Still Nazis Among Us?

An Associated Press report that 94-year-old Minneapolis retired construction worker Michael Karkoc was allegedly an officer in a Nazi-affiliated Ukrainian militia accused of war crimes during World War II has neighbors stunned and criminal justice agencies in Europe and the United States launching an investigation.

Many crimes are subject to a statute of limitation years after alleged commission given that reliable evidence may no longer be available, and that memories of witnesses fade with time. Some crimes are so heinous, however, that no time limit applies. There is, however, a big difference between a news media report and an adjudicated war crimes case.

The Associated Press is not of the habit of running scurrilous stories about alleged 94-year-old Nazi officers on the lam in Minnesota without  a deep body of verified sources supporting the reportage. It has often been a press inquiry which prompted past prosecutions of notorious war criminals. The press informs, but courts try and convict.

The remaining war criminals on the Simon Wiesenthal Center Most Wanted list are either unverifiably dead, or in their nineties. In memory of the millions murdered, the Wiesenthal Center has long been the conscience of a world far too eager to forget.

In the war-fogged aftermath of history’s costliest conflict, too many culpable mass murderers escaped justice, particularly with the beginning of the Cold War. Many Nazi war criminals were handed severe sentences only to be later released after a few years of imprisonment. Still other culpable suspects were protected from justice due to their supposed technological or dubious intelligence value. Less than twenty years after the end of the war, we found that our governments had more parochial self-interests than punishing mass murderers.  The murderers were painfully found to be living among us.

By the 1960s, authorities were down to hauling the odd concentration camp gefreiter (corporal) or Aufseherin (female concentration camp overseer) hiding out as a Long Island haüsfrau with an affinity for dogs before the dock for deportation and trial in Europe. It was not until the 1980 until Justice Department gumshoes and Rep. Elizabeth Holtzman (D-N.Y.) would pursue Nazi war criminals at large with renewed vigor.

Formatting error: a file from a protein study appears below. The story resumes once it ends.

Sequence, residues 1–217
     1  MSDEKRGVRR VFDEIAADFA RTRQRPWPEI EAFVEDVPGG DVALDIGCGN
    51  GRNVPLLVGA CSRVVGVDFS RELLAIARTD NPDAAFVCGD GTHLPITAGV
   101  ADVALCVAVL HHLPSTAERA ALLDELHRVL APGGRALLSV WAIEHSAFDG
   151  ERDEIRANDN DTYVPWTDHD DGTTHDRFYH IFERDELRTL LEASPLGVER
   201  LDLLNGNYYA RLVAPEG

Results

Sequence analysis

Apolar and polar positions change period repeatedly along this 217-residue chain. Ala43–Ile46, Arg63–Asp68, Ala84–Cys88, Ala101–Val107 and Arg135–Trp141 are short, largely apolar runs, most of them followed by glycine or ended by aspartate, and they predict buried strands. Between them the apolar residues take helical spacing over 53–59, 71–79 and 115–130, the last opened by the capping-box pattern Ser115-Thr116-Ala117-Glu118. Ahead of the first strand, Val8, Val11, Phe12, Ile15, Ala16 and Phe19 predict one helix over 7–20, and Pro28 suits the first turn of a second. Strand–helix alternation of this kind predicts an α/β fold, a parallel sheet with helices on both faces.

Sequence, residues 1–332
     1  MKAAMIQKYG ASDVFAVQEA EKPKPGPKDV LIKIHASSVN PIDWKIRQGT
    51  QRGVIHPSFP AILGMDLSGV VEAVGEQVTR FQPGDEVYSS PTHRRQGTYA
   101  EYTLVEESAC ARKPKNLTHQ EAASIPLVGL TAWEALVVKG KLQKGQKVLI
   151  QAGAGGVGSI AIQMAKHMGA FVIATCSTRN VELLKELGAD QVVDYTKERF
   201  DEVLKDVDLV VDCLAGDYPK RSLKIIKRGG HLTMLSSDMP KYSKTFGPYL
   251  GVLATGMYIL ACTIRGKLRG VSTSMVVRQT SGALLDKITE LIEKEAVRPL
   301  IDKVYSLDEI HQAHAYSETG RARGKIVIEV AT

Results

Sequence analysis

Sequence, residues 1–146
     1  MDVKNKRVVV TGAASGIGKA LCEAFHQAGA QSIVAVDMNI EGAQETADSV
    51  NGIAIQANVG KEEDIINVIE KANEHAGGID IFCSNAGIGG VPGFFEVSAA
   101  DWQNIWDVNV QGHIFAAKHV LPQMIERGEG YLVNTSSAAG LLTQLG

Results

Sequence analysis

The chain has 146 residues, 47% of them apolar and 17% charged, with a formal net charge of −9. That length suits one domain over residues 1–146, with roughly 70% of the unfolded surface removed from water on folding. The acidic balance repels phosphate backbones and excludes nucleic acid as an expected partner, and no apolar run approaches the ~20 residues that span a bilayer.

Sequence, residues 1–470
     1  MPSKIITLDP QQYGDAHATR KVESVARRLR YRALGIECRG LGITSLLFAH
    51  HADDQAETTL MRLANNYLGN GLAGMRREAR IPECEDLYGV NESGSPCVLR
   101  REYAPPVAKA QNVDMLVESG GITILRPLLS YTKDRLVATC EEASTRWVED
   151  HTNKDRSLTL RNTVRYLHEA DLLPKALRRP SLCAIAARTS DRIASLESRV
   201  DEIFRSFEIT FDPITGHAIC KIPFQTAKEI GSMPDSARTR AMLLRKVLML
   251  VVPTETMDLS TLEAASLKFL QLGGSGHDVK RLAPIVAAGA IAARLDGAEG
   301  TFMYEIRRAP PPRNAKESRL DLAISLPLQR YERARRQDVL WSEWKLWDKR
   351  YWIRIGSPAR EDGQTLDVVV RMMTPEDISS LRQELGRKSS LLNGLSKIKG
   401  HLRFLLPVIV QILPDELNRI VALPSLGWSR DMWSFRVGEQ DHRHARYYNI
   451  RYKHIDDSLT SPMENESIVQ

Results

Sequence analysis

Many fugitives from justice, such as the notorious Auschwitz “Angel of Death,” Dr. Josef Mengele, would be spirited out of Europe with the apparent collusion of sympathetic anti-Communist Vatican officials to a more hospitable South America until, in Mengele’s case, a natural death occurred off a Brazilian beach in 1979. U.S. intelligence organs would get  earned black eyes after their post-war asset Gestapo “Butcher of Lyons,” Klaus Barbie was found in Bolivia by Nazi-hunter Beate Klarsfeld and extradited back to France for trial and imprisonment until Barbie’s death.

In war crimes, one does not need to be proven the triggerman to be convicted. In the case unfolding against Mr. Karkoc, he was allegedly an officer in an anti-Soviet Ukrainian Self Defense Legion which was under Nazi control.  Sufficient accounts apparently exist for a judicial investigation. His potential crime in the United States is falsifying immigration paperwork to evade inadmissibility due to his Nazi-related membership in his Ukrainian militia. If convicted, the sanction could be denaturalization and extradition for trial where his alleged war crimes were committed in Poland. No country has suffered as Poland endured.

The rationale for investigation and prosecution in this case is not the fear of recidivism in a 94 year old man who will likely never live to see trial. In a conflict full of war crimes which placed genocide into the vernacular, justice avoided is justice denied, for offenses civilization cannot bear to be repeated. The long, bumbling prosecution of former concentration camp guard and retired Cleveland auto worker John Demanjuk across three continents illustrates the necessity for a thorough investigation and competent prosecution.

The free press has done its job. It is time for government investigators and prosecutors to do theirs. The victims deserve nothing less.